Dramatic video from the backcountry of Lake Tahoe in Northern California shows a skier triggering an avalanche, getting buried, and being saved by bumbling rescuers who were ill-equipped and inexperienced. The video, taken from the helmet camera of the primary rescuer, who starts the rescue by inexplicably taking off his gloves, is real time, so the entire 10-minute rescue is shown. A bit long, but the suspense and drama, and the scary example of how being trapped in snow is like being in cement is worth the time. Watch, and pick out the mistakes (Warning: barely noticeable expletive):
Fortunately, the skier managed to punch a hand through the snow and cleared his face. Otherwise, he was completely helpless.
The video was posted on the Sierra Avalanche Center’s website last week and just recently started making the rounds on ski sites and forums, where observers have been merciless in critiquing the incident.
“Be prepared or don’t go,” one commenter wrote on UnofficialNetworks.com. “His friend is lucky to be alive. What a wreck to watch, give me your beacon!! You’ve got to be kidding me.”
“And why [...] is everybody else just standing around?” another asked.
“Love the part where the buried victim is digging out himself while his buddy is trying to figure out if he should put on gloves or not,” one wrote.
The skier who was caught in the avalanche took full responsibility for the incident and admitted to mistakes being made, including his taking a novice group into the backcountry, not equipping all party members with rescue gear, going above a ridgeline prone to slides, and skiing an ill-advised route that triggered the avalanche.
But he also defended the rescuer with the helmet cam. His explanation was posted on the avalanche report at Sierra Avalanche Center:
“I know that our party, the party involved in the December 29th incident on Echo Peak, made numerous mistakes. I chose to make the helmet cam video available to Sierra Avalanche Center so that others could learn from our mistakes and not repeat them. As the leader of the party, I take full credit for all of the mistakes and want to document what I’ve learned from them. [...]
“Much has been made on various forums about the way that the skier with the helmet cam handled the rescue. He has been flamed for taking his gloves off, for telling the female skier with the beacon to take her time in transitioning the gear to him, for not putting the handle in the shovel, ad infinitum. The truth is, I am proud of the way he, a novice at avalanche rescue, handled the situation. He knew that the female skier was panicking and had to keep her calm. He knew that the whole party shouldn’t descend to the burial site. He left two people on the ridge to watch the hangfire. Then he descended to the burial site with a partner, one at a time, in a controlled manner.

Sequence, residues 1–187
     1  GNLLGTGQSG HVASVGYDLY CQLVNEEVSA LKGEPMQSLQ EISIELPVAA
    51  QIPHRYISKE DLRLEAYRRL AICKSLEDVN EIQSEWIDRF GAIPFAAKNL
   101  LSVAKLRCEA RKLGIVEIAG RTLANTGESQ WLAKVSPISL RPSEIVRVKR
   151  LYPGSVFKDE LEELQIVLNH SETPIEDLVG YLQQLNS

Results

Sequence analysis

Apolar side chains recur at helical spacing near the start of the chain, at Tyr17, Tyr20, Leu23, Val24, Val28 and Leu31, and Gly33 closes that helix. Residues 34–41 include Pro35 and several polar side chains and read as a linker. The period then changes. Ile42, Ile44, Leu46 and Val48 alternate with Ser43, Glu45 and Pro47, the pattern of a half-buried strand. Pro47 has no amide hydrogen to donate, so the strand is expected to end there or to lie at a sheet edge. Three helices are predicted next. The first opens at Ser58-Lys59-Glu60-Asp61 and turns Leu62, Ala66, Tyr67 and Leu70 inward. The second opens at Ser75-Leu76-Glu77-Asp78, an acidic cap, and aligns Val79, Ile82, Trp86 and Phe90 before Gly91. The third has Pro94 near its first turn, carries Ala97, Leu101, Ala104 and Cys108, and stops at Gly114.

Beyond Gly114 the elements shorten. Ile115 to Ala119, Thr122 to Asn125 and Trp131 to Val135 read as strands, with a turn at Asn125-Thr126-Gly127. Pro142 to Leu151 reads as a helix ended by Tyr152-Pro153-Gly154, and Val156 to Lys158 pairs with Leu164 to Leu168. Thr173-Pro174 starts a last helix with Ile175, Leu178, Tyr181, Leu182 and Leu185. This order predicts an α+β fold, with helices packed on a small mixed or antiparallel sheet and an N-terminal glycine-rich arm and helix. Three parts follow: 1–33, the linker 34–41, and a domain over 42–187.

“In debriefing after the incident, we discussed what he could have done differently. It goes without saying that he should have left his gloves on. Other than that, there are two possible scenarios.
“First scenario: Once the skier in the black jacket had located my glove above the debris, the one unburied probe and beacon should have been left on the ridge. That way a beacon/probe search could have been initiated in the case of a secondary avalanche burying the rescue party.
“Second scenario: My glove was located above the debris, but what if my hand wasn’t in it? Seen from 100 meters away, it was impossible to tell. If the beacon and probe were left on the ridge, that would have led to additional delays in getting the rescue gear to the burial and would have put one more skier in the path of a secondary release.”
He also takes blame for the unassembled shovel, saying he should have ensured the entire group knew where the rescue gear was located. And he admits the primary rescuer should have relinquished his shoveling duties once his hands started to freeze.
All are lessons to be learned for those intending to travel into what can be very dangerous backcountry.